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Growing Trend of Leptospirosis Infections Among Women in Sri Lanka, Health Officials Report

Health officials in Sri Lanka have identified an increasing trend of leptospirosis infections, commonly referred to as rat fever, among women. This development marks a significant shift from the disease’s historical association with males in high-risk occupations.

Dr. Thushani Dabarera, Consultant Epidemiologist at the Epidemiology Unit, stated, “This observation challenges previous perceptions of the disease as predominantly affecting males engaged in high-risk occupations such as paddy cultivation, cattle farming, and gem mining. However, over the years, we have noticed a growing tendency of women being infected with leptospirosis.”

Last year, nearly 9,000 cases of the disease were reported, and close to 5,000 cases have already been recorded this year, according to Dr. Dabarera. The majority of these cases have been concentrated in regions such as Ratnapura, Kegalle, Galle, Kalutara, Monaragala, and Kurunegala.

Leptospirosis is a bacterial infection transmitted through water contaminated with the urine of infected animals, particularly rodents. The risk of infection spikes following heavy rainfall, which increases the likelihood of water sources becoming contaminated. Symptoms include muscle pain or tenderness, jaundice, cough, shortness of breath, and in severe cases, renal, heart, or respiratory failure.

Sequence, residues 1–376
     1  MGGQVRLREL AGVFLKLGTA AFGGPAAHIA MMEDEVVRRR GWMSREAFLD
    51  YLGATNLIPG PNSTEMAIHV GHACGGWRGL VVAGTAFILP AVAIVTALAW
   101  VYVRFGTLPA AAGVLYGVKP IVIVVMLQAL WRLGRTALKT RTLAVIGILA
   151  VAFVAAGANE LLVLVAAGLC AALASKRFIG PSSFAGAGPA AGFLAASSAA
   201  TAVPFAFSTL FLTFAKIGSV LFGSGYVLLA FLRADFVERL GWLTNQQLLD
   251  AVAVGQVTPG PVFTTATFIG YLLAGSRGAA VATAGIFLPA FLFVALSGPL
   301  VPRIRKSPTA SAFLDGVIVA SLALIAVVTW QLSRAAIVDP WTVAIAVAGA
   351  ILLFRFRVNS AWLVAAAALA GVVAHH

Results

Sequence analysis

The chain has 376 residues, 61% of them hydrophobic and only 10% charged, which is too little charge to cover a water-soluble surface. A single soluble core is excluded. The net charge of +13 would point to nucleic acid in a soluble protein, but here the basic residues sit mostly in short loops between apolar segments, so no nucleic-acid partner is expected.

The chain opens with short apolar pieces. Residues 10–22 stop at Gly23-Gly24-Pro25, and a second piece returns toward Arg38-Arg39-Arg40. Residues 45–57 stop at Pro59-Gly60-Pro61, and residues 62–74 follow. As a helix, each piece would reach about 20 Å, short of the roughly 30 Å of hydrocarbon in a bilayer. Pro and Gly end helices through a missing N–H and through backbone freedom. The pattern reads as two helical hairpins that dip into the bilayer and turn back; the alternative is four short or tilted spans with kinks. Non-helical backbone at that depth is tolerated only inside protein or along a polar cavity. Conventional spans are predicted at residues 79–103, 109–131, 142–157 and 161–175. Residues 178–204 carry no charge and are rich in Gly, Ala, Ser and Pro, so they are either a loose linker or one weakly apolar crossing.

Dr. Dabarera emphasized the importance of seeking medical attention promptly upon experiencing symptoms, as early diagnosis and treatment significantly improve outcomes. Preventive measures such as maintaining good hygiene, avoiding contact with potentially contaminated water, and ensuring proper waste management are crucial in curbing the spread of the disease.

“Efforts are underway to raise awareness among the public, particularly those engaged in high-risk occupations such as agriculture, gem mining, and sewage work, to take necessary precautions to minimize exposure to the bacteria causing leptospirosis,” she added.

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